10.09.2013: Is Good Governance good for Development? – The real Challenges for African governance, Berlin

10.09.2013: Is Good Governance good for Development? – The real Challenges for African governance, Berlin

The Initiative Southern Africa (INISA) and the Society for International Development (SID-Berlin) cordially invite you in cooperation with the Afrikahaus to the next Berliner Afrikakreis:

Is Good Governance good for Development? – The real Challenges for African governance

 

Tuesday, 10. September 2013, 18:30 – 20:00 Uhr Afrika-Haus
Bochumer Str. 25, 10555 Berlin (U-Bahn: Turmstr.) 

Speaker: Dr. David Booth (Overseas Development Institute, London, former Director of the Africa Power and Politics Programme 2007-2012)

Discussant: Dr. Julia Leininger (German Development Institute DIE)

Chair: Rene Gradwohl (Initiative Südliches Afrika, INISA e.V.)

The discussion will be in English. No registration necessary

Invitation: invitation_african-governance_100913.pdf

Since the 1990s Governance is increasingly seen as the key variable to unlock Africa´s potential for economic transformation. The Africa Power and Politics Programme (APPP) set out to tackle one of the most important and challenging development questions of the early 21st century – what sort of governance does Africa really need and how is it going to get it? It aimed to do so by generating a new body of comparative research findings and empirically-grounded theory.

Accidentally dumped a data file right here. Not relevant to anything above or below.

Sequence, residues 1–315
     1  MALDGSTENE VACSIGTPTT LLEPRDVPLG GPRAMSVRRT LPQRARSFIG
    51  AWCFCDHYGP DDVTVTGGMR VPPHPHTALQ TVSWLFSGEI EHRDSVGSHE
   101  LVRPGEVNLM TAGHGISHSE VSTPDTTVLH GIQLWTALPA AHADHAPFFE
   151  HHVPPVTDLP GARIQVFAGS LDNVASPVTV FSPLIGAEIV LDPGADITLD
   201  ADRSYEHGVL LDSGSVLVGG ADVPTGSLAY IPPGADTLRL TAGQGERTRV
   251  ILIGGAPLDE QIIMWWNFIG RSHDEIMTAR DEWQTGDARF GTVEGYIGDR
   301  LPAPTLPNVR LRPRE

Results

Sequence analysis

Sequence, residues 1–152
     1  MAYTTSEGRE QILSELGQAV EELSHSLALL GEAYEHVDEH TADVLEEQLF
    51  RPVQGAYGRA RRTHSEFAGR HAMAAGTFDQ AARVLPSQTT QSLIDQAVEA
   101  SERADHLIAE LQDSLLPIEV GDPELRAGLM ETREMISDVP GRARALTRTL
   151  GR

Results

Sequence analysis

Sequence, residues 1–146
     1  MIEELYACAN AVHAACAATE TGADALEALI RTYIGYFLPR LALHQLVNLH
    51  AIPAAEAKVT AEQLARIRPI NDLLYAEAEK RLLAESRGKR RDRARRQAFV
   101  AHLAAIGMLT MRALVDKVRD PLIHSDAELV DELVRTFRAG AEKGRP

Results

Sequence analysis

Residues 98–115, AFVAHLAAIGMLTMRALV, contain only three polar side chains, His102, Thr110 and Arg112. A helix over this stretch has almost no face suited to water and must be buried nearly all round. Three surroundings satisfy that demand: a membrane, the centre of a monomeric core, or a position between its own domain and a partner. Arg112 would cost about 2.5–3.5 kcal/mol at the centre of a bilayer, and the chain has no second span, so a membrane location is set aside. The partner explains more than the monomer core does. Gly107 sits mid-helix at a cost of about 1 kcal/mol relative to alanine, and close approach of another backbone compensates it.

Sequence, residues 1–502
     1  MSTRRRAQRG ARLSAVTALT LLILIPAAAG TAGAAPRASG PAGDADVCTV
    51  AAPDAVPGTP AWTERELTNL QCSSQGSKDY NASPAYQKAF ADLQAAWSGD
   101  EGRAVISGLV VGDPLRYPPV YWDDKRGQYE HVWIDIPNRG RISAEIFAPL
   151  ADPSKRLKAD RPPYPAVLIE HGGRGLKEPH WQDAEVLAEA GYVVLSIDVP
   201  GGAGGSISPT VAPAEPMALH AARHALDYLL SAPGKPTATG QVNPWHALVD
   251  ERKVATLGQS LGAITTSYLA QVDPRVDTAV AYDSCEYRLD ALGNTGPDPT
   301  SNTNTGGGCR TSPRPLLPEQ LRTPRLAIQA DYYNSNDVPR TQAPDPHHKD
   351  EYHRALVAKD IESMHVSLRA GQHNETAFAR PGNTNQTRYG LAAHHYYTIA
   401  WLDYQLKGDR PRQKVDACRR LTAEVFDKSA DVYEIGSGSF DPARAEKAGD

The starting point was the realization that the concept of good governance is insufficient and questionable in the face of African realities and the continent´s challenges for economic transformation. Solutions need to be realistic about material and social constraints and build on local arrangements that are known to work. The currently emerging “good fit” approach is seen as a useful step forward, but much of the new context-sensitive governance programming continues to look much like the old kind. The real challenges for governance in Africa lie, according to the APPP, in overcoming institutional blockages underpinned by collective action problems. Against the background of identified shortcomings, what would an alternative reform agenda look like and what does that mean for African reformers and the global agenda?

The APPP Synthesis Report “Development as a collective action problem: Addressing the real challenges of African governance” can be downloaded here.

We are looking forward to an interesting debate!

Presentation David Booth at FES RoundTable "Development as a collective action problem" (pdf)

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12.10.2013: Vorstandssitzung in Berlin

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